Some of the worst crises are in Nigeria, Guinea, South Sudan and the Democratic Republic of the Congo. Although their HIV rates are lower than most countries in southern Africa, their governments are failing to provide treatment to most people who have the virus.

It's a tragic echo of the crisis in South Africa before the arrival of antiretroviral drugs a decade ago, experts say. "We feel like we're in a time-warp," said a statement by Médecins Sans Frontières (Doctors Without Borders).

"We often see people arrive at our hospital when they are already critically ill with full-blown AIDS," said Maria Machako, a doctor at an MSF hospital in Kinshasa, the capital of Congo.

"For many people, it's too late and they are literally dying on our doorstep; 25 per cent do not survive," she said.

"Access to testing and treatment is fatally low for those in need, while stigma is high throughout the country."

Report an error Editorial code of conduct
Due to technical reasons, we have temporarily removed commenting from our articles. We hope to have this fixed soon. Thank you for your patience. If you are looking to give feedback on our new site, please send it along to feedback@globeandmail.com. If you want to write a letter to the editor, please forward to letters@globeandmail.com.

Welcome to The Globe and Mail’s comment community. This is a space where subscribers can engage with each other and Globe staff. Non-subscribers can read and sort comments but will not be able to engage with them in any way. Click here to subscribe.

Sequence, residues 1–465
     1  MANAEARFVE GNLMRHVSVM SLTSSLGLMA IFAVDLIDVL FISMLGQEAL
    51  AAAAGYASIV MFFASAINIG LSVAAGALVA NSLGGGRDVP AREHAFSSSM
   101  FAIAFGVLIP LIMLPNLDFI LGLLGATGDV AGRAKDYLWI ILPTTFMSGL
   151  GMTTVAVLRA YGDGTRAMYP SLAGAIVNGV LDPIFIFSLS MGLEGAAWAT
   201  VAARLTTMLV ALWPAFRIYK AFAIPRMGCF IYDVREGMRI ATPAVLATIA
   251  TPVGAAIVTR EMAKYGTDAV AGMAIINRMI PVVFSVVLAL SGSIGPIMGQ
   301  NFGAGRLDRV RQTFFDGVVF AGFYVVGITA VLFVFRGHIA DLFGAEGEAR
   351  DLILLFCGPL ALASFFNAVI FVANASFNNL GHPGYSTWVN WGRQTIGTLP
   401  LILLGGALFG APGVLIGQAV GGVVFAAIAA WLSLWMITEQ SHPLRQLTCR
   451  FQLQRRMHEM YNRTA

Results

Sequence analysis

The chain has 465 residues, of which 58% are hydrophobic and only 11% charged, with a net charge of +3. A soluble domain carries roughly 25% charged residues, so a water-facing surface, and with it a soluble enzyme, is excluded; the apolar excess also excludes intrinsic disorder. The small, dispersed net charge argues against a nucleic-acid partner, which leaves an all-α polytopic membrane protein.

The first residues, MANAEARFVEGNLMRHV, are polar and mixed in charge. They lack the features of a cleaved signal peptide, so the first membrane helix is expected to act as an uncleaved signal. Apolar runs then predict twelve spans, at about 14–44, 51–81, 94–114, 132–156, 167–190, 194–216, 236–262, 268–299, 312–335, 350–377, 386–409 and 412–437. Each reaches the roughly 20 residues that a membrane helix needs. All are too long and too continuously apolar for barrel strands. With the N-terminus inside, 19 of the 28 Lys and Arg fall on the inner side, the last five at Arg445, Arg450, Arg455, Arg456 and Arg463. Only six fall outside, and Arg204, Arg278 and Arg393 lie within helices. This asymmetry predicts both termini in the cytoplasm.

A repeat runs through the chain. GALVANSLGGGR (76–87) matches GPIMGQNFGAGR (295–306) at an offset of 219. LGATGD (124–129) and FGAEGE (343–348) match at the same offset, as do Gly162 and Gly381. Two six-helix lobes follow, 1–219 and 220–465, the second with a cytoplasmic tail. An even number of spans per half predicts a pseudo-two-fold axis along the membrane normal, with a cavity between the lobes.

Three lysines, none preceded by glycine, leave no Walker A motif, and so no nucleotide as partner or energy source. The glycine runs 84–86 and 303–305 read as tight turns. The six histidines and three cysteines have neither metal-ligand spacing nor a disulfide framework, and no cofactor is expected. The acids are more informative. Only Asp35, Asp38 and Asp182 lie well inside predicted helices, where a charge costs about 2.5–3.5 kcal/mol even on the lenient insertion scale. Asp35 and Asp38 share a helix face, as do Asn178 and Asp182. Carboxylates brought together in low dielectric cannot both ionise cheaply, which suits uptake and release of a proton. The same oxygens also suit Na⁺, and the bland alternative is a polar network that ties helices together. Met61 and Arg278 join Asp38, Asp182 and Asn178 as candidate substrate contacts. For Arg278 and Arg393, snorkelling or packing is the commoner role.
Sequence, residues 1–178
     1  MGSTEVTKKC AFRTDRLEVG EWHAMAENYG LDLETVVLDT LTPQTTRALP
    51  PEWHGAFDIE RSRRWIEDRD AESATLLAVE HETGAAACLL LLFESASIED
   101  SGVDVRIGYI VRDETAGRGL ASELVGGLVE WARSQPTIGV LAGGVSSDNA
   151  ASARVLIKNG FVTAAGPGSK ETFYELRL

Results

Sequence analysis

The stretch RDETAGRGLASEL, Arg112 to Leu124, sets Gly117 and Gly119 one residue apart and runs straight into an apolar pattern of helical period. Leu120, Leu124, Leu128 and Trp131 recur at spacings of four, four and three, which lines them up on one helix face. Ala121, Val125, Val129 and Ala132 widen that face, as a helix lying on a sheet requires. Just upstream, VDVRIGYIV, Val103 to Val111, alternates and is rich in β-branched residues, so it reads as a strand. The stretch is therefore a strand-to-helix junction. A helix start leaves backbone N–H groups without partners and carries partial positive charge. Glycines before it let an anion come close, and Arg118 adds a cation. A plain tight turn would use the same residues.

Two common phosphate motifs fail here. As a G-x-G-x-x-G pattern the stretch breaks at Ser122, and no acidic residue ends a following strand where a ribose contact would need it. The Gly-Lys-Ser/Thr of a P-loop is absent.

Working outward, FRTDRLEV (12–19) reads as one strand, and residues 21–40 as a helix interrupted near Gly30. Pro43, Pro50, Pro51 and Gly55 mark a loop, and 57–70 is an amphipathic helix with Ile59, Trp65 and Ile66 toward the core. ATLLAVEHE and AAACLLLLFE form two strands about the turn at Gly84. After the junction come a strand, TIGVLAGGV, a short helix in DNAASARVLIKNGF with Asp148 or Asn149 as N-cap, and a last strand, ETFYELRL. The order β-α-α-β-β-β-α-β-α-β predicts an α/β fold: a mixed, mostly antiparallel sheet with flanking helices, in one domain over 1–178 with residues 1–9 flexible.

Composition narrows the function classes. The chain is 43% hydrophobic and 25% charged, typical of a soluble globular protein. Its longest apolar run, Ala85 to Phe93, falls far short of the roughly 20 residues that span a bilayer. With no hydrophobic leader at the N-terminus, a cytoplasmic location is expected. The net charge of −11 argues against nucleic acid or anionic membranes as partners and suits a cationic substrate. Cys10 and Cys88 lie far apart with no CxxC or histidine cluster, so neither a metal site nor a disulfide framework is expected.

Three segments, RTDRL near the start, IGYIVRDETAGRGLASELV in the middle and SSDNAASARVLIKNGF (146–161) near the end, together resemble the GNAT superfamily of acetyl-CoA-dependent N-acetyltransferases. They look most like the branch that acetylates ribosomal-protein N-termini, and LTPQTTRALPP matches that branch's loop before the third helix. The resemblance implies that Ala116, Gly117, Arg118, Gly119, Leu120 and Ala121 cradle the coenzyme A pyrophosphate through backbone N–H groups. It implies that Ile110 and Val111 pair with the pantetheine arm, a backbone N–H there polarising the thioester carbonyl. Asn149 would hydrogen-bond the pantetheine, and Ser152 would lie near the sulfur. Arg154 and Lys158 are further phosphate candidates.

If you would like to write a letter to the editor, please forward it to letters@globeandmail.com. Readers can also interact with The Globe on Facebook and Twitter .

Welcome to The Globe and Mail’s comment community. This is a space where subscribers can engage with each other and Globe staff. Non-subscribers can read and sort comments but will not be able to engage with them in any way. Click here to subscribe.

If you would like to write a letter to the editor, please forward it to letters@globeandmail.com. Readers can also interact with The Globe on Facebook and Twitter .

Welcome to The Globe and Mail’s comment community. This is a space where subscribers can engage with each other and Globe staff.

We aim to create a safe and valuable space for discussion and debate. That means:

  • Treat others as you wish to be treated
  • Criticize ideas, not people
  • Stay on topic
  • Avoid the use of toxic and offensive language
  • Flag bad behaviour

Comments that violate our community guidelines will be removed.

Read our community guidelines here

Discussion loading ...

Cannabis pro newsletter